Early HIV Treatment in Infants: The Canadian Experience

July 16, 2014

Initial results from the Canadian pediatric HIV research mentioned in a recent blog post were published in Clinical Infectious Diseases on June 9th. The paper notes that Canada's three pediatric HIV care institutions have a longstanding policy of administering triple drug antiretroviral therapy (ART) regimens to newborns considered at a high risk of HIV infection (either because the mother has detectable viral load at delivery or, in the absence of viral load results, if there is evidence of non-adherence to ART). Treatment is continued if HIV infection is subsequently confirmed. The researchers, inspired in part by the Mississippi baby case report (before the news of viral rebound emerged), searched their records for examples of children who had been started on ART within 72 hours of birth. A total of 136 were identified and, of those, 12 were confirmed to have acquired HIV infection. Four have since been maintained on ART with continuous viral load suppression; ages range from 2.5-7.5 years.

Consistent with other studies of early ART in infants, all four were found to lack detectable HIV-specific antibody and cellular immune responses, and displayed undetectable or extremely low levels of HIV DNA and RNA. In two of the children, tests for replication-competent virus were performed; in one case the result was negative and in the other 0.1 infectious units per million CD4 T cells were detected (the lowest level of detection possible with the assay). The researchers are scheduled to present an update on the cohort next week at the International AIDS Conference in Melbourne, during the "Challenges in Paediatrics" session on Tuesday July 22nd (abstract TUAB0206LB).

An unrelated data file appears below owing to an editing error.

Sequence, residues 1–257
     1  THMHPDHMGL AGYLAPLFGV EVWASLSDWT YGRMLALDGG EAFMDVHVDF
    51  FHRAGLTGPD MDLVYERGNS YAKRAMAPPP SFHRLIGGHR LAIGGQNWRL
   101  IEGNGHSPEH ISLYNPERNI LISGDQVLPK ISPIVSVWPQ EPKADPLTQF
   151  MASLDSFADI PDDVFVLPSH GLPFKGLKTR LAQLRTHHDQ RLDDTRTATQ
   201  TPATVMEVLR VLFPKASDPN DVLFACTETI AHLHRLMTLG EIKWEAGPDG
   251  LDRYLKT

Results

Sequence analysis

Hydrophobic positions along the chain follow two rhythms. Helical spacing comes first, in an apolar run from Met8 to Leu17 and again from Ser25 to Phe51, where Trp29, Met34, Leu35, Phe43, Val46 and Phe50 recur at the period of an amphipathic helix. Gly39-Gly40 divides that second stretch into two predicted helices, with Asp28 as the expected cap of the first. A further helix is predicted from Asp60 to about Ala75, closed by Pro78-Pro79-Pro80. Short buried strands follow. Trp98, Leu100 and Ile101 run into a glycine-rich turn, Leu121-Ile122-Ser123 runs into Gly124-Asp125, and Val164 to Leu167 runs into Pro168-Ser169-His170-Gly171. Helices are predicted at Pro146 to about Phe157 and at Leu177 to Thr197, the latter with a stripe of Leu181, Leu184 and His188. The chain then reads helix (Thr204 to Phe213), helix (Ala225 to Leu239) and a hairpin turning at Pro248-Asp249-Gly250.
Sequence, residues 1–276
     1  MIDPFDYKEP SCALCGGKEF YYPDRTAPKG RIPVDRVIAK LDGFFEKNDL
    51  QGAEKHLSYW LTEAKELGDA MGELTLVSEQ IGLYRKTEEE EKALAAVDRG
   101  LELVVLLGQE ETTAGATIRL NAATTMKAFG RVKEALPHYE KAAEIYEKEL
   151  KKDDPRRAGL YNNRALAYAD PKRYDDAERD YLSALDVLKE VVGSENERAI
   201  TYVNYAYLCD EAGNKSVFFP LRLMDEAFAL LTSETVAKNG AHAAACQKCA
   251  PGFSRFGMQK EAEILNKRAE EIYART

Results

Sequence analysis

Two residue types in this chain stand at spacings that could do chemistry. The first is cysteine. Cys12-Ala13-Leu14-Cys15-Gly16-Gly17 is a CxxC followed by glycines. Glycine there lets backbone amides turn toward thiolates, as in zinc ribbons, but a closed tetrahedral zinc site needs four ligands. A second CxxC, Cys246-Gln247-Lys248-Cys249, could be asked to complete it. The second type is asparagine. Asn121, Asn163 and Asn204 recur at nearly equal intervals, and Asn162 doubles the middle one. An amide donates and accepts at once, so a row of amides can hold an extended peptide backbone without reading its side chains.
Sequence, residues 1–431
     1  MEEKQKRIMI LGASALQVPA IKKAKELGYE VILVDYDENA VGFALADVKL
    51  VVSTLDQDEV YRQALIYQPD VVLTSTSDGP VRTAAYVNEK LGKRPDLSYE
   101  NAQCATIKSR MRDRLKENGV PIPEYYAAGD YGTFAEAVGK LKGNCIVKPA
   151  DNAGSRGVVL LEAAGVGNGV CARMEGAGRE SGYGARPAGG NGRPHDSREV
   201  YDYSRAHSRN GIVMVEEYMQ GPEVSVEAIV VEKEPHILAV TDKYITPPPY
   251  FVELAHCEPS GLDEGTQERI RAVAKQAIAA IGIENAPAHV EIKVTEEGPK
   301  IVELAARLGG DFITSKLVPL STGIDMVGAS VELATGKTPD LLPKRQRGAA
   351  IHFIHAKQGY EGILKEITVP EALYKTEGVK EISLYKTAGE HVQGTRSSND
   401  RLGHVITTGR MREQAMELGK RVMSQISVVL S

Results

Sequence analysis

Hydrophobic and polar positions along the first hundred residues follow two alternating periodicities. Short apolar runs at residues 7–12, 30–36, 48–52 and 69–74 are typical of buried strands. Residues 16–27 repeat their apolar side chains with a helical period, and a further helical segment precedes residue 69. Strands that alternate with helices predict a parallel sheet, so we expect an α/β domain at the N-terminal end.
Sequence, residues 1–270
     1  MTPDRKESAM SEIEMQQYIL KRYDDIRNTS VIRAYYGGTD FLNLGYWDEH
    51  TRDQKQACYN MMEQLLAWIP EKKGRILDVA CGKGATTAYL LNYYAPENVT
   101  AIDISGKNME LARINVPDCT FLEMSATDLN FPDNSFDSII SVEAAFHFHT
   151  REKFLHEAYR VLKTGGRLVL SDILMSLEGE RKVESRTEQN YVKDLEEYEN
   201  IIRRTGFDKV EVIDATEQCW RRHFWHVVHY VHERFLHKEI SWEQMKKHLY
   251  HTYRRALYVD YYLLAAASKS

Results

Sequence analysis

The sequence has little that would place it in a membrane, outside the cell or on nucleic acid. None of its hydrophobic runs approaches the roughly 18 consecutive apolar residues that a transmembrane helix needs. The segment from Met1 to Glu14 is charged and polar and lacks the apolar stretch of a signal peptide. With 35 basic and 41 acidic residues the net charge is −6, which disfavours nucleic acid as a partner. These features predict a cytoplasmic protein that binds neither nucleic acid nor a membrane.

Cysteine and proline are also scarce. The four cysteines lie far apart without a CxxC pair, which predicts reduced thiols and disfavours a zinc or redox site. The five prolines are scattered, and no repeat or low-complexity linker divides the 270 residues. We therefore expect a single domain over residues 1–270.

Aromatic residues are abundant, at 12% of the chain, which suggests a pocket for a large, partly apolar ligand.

Regrettably, the notoriously unreliable media outlet The Daily Mail (often colloquially referred to as The Daily Fail) has already offered wildly misleading coverage of this research, with a headline on July 1st that read: "Three babies 'CURED' of HIV after being given revolutionary new vaccine." As is typical, the exciting-sounding but mistaken article rapidly proliferated on the web, being copied on multiple other sites and social media. After complaints, the Mail made a small and completely inadequate correction to the headline, removing the imaginary vaccine and instead offering: "Three babies 'CURED' of HIV after being given revolutionary new medical treatment in the first hours of their lives" (the reference to a vaccine persists in the URL and page header). A few paragraphs down, the article flatly contradicts its own headline with an eminently sensible quote from Dr. Sharon Lewin: "At the moment, the doctors do not know whether they are in fact cured. The only way they can tell is if they stop the anti-HIV drugs and see if it comes back." The importance of Lewin's point has, sadly, since been further emphasized by the news about the viral load rebound in the child in Mississippi.

The Canadian researchers themselves, in a separate presentation at the 23rd Annual Canadian Conference on HIV/AIDS Research in May, documented an example of viral load rebound after ART interruption in another of the 12 children identified in their analysis.

Although hopes of achieving a cure with early ART alone have now been diminished, studies like these remain essential for understanding the extent to which the HIV reservoir can potentially be reduced by early treatment, and for setting the stage for studies of interventions that might be able to target the residual amounts of virus for elimination.

Richard Jefferys is the coordinator of the Michael Palm HIV Basic Science, Vaccines & Prevention Project Weblog at the Treatment Action Group (TAG). The original blog post may be viewed here.

This article was provided by Treatment Action Group. It is a part of the publication Michael Palm HIV Basic Science, Vaccines & Cure Project.

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